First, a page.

Until New York City’s default, most bonds moved up or down in unison. Various indexes of the postwar municipal market seemed to measure the same thing: general changes in interest rates. By September 1976, however, the Bond Buyer index registered 6.15 per cent, the Dow Jones 6.49 per cent and Standard & Poor’s 6.21 per cent. Moody’s Average—the one average reasonably free of the “New York effect”—diverged considerably, registering 5.90 per cent. This divergence reflected the presence of fear and prejudice in the minds of investors that wasn’t there before—particularly with respect to large Eastern and urban credits.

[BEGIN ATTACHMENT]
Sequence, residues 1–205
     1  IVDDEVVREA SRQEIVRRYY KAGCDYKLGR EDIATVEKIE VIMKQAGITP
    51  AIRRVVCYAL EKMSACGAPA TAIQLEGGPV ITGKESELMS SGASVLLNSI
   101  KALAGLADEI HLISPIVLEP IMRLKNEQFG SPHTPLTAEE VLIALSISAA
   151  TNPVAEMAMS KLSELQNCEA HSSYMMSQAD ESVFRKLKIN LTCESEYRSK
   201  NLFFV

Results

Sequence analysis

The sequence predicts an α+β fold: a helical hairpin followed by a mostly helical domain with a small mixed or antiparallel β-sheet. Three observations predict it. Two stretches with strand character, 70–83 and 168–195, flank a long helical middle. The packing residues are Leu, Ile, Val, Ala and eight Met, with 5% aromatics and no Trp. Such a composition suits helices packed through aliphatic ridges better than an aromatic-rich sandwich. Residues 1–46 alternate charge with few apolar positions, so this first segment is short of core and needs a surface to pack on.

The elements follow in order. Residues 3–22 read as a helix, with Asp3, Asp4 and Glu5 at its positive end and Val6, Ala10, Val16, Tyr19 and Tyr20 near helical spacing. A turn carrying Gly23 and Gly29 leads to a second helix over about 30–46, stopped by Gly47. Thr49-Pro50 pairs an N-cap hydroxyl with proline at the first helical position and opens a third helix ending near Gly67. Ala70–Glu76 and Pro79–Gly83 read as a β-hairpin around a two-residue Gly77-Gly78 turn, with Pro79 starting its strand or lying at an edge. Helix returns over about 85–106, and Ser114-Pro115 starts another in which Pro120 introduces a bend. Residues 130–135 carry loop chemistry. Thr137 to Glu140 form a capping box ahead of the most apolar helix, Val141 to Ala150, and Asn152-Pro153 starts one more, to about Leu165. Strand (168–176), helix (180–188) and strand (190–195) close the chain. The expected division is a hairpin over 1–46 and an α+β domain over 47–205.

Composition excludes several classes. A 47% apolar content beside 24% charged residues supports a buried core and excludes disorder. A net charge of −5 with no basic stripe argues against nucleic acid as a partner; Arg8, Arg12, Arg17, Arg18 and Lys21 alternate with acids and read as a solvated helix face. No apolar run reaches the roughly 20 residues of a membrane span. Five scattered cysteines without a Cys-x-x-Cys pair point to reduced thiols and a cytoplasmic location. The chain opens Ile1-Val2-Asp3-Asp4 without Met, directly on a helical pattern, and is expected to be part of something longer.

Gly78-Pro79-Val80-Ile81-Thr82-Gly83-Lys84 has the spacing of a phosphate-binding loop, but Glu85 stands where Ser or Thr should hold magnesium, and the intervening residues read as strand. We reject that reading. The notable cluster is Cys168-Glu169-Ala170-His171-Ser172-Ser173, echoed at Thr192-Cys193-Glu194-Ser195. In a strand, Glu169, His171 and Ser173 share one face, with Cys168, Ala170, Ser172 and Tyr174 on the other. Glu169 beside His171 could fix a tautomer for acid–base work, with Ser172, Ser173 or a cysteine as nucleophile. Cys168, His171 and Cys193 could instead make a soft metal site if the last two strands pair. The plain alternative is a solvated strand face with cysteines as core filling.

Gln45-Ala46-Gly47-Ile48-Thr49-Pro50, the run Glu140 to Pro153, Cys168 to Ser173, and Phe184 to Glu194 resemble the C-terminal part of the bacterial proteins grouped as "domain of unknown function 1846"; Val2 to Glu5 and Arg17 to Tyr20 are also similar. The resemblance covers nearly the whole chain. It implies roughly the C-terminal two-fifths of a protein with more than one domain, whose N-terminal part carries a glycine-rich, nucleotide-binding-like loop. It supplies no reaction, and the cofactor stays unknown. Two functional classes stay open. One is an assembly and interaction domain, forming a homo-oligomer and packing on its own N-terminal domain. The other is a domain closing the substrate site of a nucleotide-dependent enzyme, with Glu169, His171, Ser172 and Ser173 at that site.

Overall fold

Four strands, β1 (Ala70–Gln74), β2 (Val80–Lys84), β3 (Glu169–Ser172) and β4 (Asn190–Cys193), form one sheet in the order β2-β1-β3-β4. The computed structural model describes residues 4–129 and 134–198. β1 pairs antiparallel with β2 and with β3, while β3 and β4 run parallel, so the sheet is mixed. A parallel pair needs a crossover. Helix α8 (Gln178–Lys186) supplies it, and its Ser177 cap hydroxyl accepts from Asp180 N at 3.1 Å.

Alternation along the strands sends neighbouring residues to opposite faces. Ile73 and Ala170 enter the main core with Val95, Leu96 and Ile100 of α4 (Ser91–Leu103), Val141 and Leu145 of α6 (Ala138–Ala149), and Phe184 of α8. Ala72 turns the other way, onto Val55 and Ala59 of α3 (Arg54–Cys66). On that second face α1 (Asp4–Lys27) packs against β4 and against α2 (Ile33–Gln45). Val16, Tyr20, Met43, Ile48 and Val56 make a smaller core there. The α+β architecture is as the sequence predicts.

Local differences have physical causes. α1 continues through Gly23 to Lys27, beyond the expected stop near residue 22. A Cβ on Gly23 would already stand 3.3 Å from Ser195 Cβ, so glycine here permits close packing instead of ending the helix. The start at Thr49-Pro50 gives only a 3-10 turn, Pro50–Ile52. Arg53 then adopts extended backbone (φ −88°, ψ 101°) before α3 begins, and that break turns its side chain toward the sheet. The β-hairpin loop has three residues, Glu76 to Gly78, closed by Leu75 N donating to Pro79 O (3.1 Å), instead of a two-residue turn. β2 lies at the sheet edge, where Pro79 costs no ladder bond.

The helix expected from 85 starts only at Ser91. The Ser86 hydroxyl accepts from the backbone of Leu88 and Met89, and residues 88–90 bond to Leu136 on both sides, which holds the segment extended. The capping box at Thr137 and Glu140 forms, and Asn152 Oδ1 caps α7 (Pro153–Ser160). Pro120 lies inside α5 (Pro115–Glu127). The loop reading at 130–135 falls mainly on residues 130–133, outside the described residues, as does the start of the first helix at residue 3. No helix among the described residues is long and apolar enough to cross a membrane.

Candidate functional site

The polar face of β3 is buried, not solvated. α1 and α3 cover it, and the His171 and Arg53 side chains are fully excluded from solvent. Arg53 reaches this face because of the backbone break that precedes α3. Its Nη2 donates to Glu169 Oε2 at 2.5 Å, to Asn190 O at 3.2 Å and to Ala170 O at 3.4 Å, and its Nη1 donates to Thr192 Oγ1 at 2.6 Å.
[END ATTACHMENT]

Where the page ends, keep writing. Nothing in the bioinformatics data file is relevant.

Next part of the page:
A sudden development, the New York effect on the market yields associated with these credits was widespread because holdings in New York City notes and bonds were widespread. As large Eastern cities demonstrate that they are not going to follow New York City into default, prejudicial increases in their bond rates should disappear. It is likely, however, that at least a portion of the New York effect, reflecting investors’ heightened determination to discriminate between weak and strong municipal issuers and their continuing skepticism toward unaudited or non-comparable financial statements, will remain.